Recently, valganciclovir treatment of symptomatic congenital cytomegalovirus (cCMV) disease, commenced during the neonatal period (≤ 4 weeks), was found to improve hearing and developmental outcome. However, many children (symptomatic or asymptomatic at birth) present only after 4 weeks of age. The purpose of this observational retrospective study was to describe the outcome and safety of valganciclovir therapy in infants with cCMV who started treatment > 4 weeks of life. Of the 91children who started antiviral treatment > 4 weeks of age, 66/298 (22.2%) were symptomatic at birth; 25/217 (11.5%) were asymptomatic at birth. Treatment was initiated on average at 14 weeks of age (range 5–77 weeks) and at 53.3 weeks (range 12–156 weeks), respectively. Of the 45 affected ears in the symptomatic group, 30 (66.7%) improved and only 2 (4.4%) deteriorated, with most of the improved ears (27/30, 90%) returning to normal. In the asymptomatic group, late-onset treatment was initiated and out of the 42 deteriorated ears, 38 (90.5%) improved after at least 1 year of follow-up. Hematological adverse events, i.e., neutropenia, were noted in a minority of cases (4.4%). Conclusion: Our study demonstrates the benefits and safety aspects of treating symptomatic and asymptomatic children with cCMV even beyond the recommended neonatal period.What is Known:• Valganciclovir treatment of symptomatic congenital cytomegalovirus (cCMV) disease, commenced during the neonatal period, is beneficial in improving hearing and developmental outcome.• However, data of treatment started beyond the neonatal period is lacking.What is New:• Our study demonstrates the benefits of treating symptomatic children with cCMV as well as asymptomatic children that develop late-onset hearing loss even beyond the recommended neonatal period.• This was true for symptomatic children who presented > 4 weeks as well as to those were asymptomatic at birth but experienced late hearing deterioration.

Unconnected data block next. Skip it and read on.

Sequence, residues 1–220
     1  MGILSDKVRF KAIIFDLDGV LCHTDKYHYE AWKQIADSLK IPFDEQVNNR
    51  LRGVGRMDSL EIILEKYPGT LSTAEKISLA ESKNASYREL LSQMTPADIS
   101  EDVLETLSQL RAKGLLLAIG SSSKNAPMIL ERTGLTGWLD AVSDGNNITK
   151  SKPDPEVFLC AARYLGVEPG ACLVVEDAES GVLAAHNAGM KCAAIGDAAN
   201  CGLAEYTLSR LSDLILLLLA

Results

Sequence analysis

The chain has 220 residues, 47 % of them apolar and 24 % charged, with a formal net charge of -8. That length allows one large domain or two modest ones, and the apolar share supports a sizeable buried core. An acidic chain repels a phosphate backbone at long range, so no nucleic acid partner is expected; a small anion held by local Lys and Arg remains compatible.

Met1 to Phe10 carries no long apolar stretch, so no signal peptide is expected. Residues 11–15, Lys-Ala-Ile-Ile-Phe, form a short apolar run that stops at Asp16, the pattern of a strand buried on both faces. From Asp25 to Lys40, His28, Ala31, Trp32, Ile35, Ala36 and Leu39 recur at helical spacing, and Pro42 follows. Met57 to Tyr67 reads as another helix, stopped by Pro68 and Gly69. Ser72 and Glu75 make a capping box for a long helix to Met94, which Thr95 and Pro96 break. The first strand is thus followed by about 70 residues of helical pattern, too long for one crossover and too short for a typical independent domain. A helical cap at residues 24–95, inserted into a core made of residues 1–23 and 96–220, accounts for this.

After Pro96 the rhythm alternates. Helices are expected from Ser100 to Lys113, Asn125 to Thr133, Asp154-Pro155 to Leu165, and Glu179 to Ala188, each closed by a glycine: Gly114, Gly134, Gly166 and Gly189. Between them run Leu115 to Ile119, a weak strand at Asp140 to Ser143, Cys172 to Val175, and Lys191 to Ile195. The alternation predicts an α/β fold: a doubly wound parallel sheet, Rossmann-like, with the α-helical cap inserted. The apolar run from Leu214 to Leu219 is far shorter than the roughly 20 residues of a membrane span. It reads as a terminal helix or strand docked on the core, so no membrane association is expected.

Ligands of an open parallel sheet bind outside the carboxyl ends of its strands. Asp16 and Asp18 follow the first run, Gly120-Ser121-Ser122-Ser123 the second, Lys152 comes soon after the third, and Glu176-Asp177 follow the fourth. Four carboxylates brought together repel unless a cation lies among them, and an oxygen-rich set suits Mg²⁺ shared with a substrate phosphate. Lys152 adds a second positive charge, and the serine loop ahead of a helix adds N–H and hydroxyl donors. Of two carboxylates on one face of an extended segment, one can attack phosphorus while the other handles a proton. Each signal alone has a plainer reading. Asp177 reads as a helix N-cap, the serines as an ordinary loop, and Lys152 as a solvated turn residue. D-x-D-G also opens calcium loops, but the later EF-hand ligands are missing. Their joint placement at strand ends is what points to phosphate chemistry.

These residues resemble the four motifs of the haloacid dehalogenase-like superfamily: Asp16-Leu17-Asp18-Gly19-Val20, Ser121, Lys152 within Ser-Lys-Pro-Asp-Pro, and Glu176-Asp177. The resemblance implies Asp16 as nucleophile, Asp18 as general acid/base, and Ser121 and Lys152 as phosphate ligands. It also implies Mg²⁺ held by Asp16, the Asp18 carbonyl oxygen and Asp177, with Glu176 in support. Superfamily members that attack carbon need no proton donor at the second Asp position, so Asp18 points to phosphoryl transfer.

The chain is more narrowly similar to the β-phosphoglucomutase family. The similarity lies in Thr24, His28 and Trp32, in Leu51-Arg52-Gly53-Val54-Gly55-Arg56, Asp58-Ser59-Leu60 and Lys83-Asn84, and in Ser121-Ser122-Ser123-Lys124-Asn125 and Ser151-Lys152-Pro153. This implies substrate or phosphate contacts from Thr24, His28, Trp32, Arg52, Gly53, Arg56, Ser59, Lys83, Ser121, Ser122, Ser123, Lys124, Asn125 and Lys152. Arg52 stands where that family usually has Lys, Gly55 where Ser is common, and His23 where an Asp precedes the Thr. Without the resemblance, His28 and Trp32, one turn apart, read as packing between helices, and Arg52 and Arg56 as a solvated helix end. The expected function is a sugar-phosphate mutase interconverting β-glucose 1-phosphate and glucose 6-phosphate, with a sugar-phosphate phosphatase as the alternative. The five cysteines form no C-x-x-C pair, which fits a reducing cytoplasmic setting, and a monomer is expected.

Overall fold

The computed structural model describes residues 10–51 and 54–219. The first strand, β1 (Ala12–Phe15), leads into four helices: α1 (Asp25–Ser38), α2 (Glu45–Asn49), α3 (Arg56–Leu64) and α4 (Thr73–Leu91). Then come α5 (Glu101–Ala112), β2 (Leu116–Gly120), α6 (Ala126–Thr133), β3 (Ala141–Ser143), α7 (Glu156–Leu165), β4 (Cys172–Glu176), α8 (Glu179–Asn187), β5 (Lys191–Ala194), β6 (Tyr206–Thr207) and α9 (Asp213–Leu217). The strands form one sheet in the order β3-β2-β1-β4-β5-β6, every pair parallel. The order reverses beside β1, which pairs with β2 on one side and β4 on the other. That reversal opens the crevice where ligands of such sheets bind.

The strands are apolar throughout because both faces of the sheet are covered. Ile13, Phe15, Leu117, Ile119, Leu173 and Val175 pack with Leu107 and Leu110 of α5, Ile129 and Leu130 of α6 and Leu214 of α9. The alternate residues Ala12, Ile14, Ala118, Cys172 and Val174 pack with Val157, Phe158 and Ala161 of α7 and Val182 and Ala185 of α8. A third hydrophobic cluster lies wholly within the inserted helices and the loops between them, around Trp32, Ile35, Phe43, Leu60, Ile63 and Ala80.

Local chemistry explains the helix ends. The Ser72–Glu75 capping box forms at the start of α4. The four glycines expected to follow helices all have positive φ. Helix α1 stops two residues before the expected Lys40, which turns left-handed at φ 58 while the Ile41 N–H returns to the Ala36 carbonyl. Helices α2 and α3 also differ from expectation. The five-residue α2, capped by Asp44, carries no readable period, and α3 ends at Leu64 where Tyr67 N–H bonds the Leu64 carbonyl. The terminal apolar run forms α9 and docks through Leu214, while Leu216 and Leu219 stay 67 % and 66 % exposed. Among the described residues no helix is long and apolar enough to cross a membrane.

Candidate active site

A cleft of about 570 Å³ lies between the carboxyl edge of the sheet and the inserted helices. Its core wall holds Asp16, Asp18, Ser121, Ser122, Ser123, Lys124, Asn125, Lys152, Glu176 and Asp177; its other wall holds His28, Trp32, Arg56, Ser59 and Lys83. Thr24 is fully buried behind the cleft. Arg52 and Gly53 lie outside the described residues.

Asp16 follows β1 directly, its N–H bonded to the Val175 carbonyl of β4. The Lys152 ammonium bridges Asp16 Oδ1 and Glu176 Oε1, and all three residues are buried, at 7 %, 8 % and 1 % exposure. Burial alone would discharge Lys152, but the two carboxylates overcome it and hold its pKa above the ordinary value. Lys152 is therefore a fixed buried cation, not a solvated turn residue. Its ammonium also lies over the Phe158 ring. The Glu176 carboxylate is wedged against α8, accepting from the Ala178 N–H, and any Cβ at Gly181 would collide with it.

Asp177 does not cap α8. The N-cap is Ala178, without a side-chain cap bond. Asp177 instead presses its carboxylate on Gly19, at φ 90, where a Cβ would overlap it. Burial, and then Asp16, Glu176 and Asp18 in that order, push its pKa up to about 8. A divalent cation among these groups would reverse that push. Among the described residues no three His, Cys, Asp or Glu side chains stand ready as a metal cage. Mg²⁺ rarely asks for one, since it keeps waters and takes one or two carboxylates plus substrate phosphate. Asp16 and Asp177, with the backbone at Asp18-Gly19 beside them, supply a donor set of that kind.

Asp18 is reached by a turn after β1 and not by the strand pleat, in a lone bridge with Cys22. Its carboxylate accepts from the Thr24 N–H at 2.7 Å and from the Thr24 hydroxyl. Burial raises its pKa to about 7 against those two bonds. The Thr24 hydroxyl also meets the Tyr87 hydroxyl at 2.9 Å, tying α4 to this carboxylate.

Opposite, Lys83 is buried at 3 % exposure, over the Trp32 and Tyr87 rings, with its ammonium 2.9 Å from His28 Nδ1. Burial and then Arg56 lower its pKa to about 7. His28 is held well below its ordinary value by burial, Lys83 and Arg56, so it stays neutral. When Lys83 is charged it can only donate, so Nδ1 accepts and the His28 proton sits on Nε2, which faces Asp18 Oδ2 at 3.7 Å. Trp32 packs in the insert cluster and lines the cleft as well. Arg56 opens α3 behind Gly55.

Bibliographical notePublisher Copyright:
© 2020, Springer-Verlag GmbH Germany, part of Springer Nature.
- Congenital cytomegalovirus
- Congenital infection
- Hearing loss
- Late hearing loss
- Late treatment
ASJC Scopus subject areas
- Pediatrics, Perinatology, and Child Health